By way of illustration he proceeded to weave a very pathetic story around some poor unfortunate farmer who, it was alleged, had become entangled in the meshes of one of those excessive interest-charging banks and was fleeced of all his worldly possessions.

This farmer's whole stock in trade, it appears, consisted of four mules, a horse or mare, five oxen, six yearlings, one or two wagons, etc., all of which were pledged as security for a loan and were eventually sold by the bank under foreclosure to satisfy the farmer's debts, leaving him penniless and a pauper.

Another instance was narrated of a man who also "went the road," as this correspondent expressed it. This man was old, with a family of six children. He was noted for his hard-working qualities "up to the time the bank began to pinch him". He had a good reputation which "went down as he went down," but his creditors never made inquiry, it was stated, "as to how he went to the bottom and became a beat." He took sick and died and the county had to bury him.

The failure of both of these men and their subsequent poverty and misfortune were all charged to their dealings with an unscrupulous bank which mercilessly exacted of them usurious interest on small loans and sold their chattels to satisfy their debts when they were unable to pay otherwise.

This letter and many others of a like tenor were received by Comptroler Williams in commendation of his efforts to compel the banks to observe the law in respect to interest charges.

The publicity given the activities of Comptroller Williams in connection with his efforts to break up usurious interest practices on the part of the banks seemed to strike a responsive chord in the mind of every individual in the country who ever had any difference with a bank or was denied an accommodation or forced to pay a loan, and many letters were received at the Comptroller's office of a nature similar to that of the Oklahoma judge.

The unusual and remarkable feature in connection with the letter from the judge was its publication in the annual report of the Comptroller and the implied authenticity which such publication gave the allegations of the writer without verification by investigation of the details recited, or his standing and reputation in the community.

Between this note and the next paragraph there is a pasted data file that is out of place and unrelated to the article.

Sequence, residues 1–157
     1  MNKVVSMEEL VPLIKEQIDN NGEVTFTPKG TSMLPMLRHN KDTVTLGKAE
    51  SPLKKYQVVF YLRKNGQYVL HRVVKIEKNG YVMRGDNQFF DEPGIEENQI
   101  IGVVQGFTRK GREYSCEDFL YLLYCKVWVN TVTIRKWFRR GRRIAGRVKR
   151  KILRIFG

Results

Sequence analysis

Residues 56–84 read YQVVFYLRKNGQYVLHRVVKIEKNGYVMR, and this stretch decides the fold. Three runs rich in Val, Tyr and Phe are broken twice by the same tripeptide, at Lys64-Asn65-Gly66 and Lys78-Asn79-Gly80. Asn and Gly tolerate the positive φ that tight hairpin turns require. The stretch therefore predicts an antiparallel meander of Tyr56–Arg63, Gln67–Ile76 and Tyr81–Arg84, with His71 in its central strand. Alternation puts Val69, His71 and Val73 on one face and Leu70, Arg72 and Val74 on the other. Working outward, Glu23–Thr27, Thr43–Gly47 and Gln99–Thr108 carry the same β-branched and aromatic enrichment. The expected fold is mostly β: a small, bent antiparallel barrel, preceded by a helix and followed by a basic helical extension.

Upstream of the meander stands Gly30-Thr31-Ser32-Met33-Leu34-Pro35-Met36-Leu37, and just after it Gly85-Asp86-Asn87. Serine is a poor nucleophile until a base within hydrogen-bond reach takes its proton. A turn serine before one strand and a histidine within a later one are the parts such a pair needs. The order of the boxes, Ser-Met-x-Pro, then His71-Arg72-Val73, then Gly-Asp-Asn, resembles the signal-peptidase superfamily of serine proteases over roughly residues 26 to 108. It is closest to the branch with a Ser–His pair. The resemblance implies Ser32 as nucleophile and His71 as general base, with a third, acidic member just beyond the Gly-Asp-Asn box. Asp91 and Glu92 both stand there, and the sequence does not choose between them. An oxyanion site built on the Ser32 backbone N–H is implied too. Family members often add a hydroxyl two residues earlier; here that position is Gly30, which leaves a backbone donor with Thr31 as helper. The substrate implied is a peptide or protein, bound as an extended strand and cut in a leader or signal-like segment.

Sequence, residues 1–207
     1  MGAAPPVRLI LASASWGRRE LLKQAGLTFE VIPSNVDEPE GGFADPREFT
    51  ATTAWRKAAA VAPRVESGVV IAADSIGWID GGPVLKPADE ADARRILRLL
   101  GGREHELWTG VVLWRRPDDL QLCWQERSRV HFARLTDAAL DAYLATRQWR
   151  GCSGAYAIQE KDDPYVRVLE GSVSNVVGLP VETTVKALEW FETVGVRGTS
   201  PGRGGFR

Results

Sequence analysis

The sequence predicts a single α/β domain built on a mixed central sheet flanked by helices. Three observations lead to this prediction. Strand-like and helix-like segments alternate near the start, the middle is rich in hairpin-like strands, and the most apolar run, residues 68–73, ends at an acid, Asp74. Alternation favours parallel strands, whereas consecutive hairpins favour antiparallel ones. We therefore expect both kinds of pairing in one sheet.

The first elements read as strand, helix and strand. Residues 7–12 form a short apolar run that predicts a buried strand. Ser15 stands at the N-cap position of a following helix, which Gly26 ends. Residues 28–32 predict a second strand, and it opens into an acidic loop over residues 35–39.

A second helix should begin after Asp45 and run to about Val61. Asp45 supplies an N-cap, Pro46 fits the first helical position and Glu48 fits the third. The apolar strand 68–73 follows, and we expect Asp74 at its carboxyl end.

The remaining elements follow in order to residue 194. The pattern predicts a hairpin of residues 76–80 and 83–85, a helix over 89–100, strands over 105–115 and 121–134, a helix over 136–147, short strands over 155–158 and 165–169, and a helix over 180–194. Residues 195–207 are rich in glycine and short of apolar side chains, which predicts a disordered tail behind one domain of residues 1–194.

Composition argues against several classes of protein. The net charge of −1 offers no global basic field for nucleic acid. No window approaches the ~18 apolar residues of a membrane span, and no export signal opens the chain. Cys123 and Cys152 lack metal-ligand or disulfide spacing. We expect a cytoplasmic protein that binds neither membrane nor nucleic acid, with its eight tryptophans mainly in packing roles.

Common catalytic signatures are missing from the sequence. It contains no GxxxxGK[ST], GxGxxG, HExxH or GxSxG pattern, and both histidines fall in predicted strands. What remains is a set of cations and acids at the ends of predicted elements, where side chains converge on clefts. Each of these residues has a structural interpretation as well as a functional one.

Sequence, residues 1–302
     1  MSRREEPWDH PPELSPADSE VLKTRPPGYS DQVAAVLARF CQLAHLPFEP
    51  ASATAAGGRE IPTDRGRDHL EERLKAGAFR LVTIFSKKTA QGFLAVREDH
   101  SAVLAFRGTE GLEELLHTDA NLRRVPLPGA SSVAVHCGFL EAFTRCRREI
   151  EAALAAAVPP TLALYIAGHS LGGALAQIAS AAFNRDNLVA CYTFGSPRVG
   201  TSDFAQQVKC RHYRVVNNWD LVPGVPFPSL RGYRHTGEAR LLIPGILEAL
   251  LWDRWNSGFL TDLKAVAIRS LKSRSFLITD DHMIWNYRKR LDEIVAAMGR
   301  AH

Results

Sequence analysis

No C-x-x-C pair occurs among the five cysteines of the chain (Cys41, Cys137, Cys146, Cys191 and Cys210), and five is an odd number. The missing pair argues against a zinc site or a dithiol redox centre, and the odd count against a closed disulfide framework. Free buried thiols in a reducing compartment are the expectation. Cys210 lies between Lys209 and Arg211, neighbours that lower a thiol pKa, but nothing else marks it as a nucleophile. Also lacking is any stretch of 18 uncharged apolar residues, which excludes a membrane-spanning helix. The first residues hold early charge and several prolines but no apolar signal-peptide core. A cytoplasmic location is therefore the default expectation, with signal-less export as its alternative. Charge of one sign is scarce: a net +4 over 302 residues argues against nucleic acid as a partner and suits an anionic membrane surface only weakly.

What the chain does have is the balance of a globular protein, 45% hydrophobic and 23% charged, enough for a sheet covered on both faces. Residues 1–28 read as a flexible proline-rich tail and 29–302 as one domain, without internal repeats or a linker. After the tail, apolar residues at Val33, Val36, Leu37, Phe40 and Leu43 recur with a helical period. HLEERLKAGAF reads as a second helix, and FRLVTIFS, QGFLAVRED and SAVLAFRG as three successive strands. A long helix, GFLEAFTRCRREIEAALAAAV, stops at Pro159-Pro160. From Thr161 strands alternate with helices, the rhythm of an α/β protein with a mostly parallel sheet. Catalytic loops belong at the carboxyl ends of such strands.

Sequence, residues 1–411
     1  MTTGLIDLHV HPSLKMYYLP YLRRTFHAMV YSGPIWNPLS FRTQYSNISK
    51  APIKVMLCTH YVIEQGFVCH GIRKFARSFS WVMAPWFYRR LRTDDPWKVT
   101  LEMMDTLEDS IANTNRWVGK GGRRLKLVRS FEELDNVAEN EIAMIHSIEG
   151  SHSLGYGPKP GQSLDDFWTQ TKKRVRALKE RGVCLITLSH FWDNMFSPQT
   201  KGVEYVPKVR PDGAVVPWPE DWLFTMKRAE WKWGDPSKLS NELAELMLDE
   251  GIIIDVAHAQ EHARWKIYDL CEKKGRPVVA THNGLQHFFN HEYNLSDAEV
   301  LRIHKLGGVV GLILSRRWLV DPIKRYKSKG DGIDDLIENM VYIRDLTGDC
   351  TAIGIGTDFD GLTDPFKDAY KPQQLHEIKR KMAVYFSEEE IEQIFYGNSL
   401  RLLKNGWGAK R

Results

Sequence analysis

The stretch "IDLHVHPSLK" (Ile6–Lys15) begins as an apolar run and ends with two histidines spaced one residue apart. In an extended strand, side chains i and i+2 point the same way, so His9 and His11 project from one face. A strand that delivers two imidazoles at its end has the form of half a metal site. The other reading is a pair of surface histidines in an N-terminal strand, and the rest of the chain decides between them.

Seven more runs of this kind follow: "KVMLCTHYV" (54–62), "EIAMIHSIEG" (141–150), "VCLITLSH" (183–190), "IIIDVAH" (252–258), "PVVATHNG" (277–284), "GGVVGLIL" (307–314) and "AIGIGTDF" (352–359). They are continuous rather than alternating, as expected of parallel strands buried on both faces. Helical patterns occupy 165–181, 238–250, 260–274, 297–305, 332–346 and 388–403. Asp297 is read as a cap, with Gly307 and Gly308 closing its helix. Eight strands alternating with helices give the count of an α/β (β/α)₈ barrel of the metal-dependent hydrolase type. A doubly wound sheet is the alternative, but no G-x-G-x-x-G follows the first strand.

Complaints against banks, of a varying nature, were frequently received at the Comptroller's office, and while many of them related to transactions which did not come under the Comptroller's supervision, as a rule, all were investigated, either by correspondence with the banks or by an examiner at the time of his regular examination.

With very few exceptions such complaints were found to be without justification, the transactions complained of coming clearly within the rule of recognized banking practices or of legal procedure. Rarely were any complaints received against banks of the nature of usurious interest charges.

The practice was almost universal in some sections of the country for banks to make a minimum charge of from twenty-five cents to one dollar on small loans for short periods. It was claimed by the banks that such loans were more of an accommodation to the borrower than of profit to the banks, and no complaints were made to the Comptroller by borrowers of this class that the banks had charged them excessive or unreasonable rates for the loans. To restrict the banks to the legal rate of interest on such loans, it was claimed, would have required them to make the loans at a loss or to refuse the borrower the accommodation.

In recognition of this fact the Comptroller subsequently modified his requirements by advising the banks that no loans need be reported on which a minimum rate of not more than fifty cents was charged.

The determination of Comptroller Williams to put an end to usurious interest charges by national banks was commendable and met with the approval of the best elements in banking. But the aspersions which were cast upon the banks as a whole by the publication of the letter of Judge McNabb in his annual report and other statements of similar import which appeared in the public prints were calculated, to create the impression that the isolated cases cited were fair illustrations of many of a like nature and that the national banks of the country generally were engaged in a nefarious loan shark business, when this condition was far from being the case.

If Mr. Williams had quietly instructed the national bank examiners to investigate at the time of their regular examinations and report to him any and all banks that were engaged in the practice of charging usurious and exorbitant interest on loans and then required these particular banks to discontinue their unlawful and reprehensible practices under the penalty of exposure and prosecution if they did not comply, instead of creating the impression in the public mind that nearly all the banks were engaged in this practice, it was believed much more beneficial results would have been accomplished and the evil consequences of unwarranted and unjust reflections upon the banks as a whole would have been avoided.